More recently, we simplified the 106-page book to a shorter, laminated Mangrove Field Guide which is cheaper and easier to carry. My fondest hope is to see Filipinos, both adults and children (including my 2 apos surnamed Tirol who happen to be Akeanons) going to the forest and appreciating it. Toward this end, my Pew grant has funded the writing and publication of Mangrove Modules for elementary schools. Last November, we distributed some 2,000 copies of these Modules with the accompanying Teacher`s Manual to 80 schools throughout Panay.

May I end by saying that this Park is only one livelihood option for our partner POs – the Bugtongbato Fishers Association and the Naisud Marine and Aquatic Organization. There is also food processing in collaboration with the Aklan State University, and hopefully more research studies from UPV and even foreign universities. In the early 2000s, SEAFDEC made it possible for me to do research in these mangroves. In 2005, the Pew grant provided PhP100,000 for the first part of the footwalk, but it was a solo flight project for me. In 2008 came the ZSL grant which not only provides funds from London, but also the best human resources available -- my staff of 9 from ZSL and Pew. Without all of them, we will not be here today.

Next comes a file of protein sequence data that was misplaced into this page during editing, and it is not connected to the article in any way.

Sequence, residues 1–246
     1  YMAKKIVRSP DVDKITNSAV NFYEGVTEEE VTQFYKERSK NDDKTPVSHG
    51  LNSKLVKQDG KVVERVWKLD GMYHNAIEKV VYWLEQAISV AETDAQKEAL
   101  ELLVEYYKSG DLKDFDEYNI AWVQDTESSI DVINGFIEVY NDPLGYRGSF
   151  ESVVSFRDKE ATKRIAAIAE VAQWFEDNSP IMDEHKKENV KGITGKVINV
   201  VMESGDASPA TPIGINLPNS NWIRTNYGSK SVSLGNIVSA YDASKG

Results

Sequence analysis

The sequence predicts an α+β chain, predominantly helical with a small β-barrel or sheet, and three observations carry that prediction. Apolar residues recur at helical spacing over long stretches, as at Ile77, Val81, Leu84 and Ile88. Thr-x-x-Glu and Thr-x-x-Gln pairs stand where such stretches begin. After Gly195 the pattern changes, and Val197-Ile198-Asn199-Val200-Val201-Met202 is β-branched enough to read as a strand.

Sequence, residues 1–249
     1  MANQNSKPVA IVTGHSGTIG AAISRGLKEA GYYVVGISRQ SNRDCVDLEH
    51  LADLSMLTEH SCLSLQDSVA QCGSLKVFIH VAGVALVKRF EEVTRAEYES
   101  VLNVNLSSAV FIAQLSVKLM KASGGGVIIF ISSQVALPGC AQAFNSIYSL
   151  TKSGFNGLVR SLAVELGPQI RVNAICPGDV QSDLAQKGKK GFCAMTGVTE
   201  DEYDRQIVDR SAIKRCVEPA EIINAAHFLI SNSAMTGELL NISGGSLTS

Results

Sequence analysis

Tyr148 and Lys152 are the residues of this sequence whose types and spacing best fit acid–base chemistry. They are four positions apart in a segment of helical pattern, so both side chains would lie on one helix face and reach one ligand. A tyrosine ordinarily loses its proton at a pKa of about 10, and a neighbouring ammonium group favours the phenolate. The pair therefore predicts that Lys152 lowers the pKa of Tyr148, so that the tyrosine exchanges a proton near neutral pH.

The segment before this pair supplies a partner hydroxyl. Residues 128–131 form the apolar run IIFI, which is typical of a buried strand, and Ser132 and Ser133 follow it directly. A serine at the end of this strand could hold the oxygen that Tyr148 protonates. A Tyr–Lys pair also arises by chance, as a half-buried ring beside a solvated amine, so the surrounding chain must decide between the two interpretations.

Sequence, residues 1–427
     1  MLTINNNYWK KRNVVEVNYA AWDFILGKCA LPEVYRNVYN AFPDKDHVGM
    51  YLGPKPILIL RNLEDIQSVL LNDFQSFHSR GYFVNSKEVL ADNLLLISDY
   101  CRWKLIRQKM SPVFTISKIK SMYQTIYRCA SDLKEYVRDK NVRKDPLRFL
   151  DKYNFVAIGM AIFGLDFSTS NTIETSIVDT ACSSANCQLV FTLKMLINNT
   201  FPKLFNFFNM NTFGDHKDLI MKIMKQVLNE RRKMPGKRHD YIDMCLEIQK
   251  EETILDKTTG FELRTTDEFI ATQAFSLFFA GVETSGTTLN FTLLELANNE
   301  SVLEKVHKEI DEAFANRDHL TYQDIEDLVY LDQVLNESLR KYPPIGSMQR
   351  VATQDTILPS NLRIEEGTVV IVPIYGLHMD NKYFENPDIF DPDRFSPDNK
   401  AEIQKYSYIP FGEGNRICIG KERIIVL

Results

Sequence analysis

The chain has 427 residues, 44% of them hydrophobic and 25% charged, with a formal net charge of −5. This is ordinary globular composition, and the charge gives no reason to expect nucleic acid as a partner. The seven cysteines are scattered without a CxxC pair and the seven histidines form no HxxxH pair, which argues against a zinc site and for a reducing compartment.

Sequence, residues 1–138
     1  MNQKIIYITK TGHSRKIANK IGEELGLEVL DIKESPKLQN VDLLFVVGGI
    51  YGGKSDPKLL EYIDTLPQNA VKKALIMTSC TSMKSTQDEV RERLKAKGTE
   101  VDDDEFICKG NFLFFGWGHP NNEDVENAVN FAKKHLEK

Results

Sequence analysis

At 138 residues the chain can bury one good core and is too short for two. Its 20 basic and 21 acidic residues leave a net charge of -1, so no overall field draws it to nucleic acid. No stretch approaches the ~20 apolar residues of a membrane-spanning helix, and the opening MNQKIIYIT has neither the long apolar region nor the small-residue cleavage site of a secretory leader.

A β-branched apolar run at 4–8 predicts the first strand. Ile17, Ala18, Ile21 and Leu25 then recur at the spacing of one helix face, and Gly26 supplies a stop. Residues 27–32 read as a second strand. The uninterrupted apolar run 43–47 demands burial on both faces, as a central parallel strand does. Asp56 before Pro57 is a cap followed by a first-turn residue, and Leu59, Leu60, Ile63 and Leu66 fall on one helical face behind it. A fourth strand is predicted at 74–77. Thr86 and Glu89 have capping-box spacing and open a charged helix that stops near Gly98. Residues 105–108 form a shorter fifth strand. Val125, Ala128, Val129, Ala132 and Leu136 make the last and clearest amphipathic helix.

Finally, on behalf of ZSL and also SEAFDEC Aquaculture Department (where I am Scientist Emerita), our deepest thanks go to our PO partners and LGU officials – Mayor Lulu (Ma. Lourdes Miraflores), Vice Mayor Sta. Maria, SB Solidum, Cap. Inguillo and Cap. Gregorio, and their support staff.

Good day and enjoy the mangroves!

J.H. Primavera

Pew Fellow

Scientist Emerita

SEAFDEC Aquaculture Department